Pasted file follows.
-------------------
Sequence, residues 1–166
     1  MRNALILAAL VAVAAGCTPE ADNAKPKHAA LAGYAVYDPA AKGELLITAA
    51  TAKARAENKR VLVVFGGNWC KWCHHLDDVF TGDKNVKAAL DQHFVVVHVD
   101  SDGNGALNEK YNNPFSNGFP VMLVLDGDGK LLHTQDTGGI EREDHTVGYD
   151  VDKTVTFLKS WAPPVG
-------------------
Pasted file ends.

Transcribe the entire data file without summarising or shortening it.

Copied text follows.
Sequence, residues 1–166
     1  MRNALILAAL VAVAAGCTPE ADNAKPKHAA LAGYAVYDPA AKGELLITAA
    51  TAKARAENKR VLVVFGGNWC KWCHHLDDVF TGDKNVKAAL DQHFVVVHVD
   101  SDGNGALNEK YNNPFSNGFP VMLVLDGDGK LLHTQDTGGI EREDHTVGYD
   151  VDKTVTFLKS WAPPVG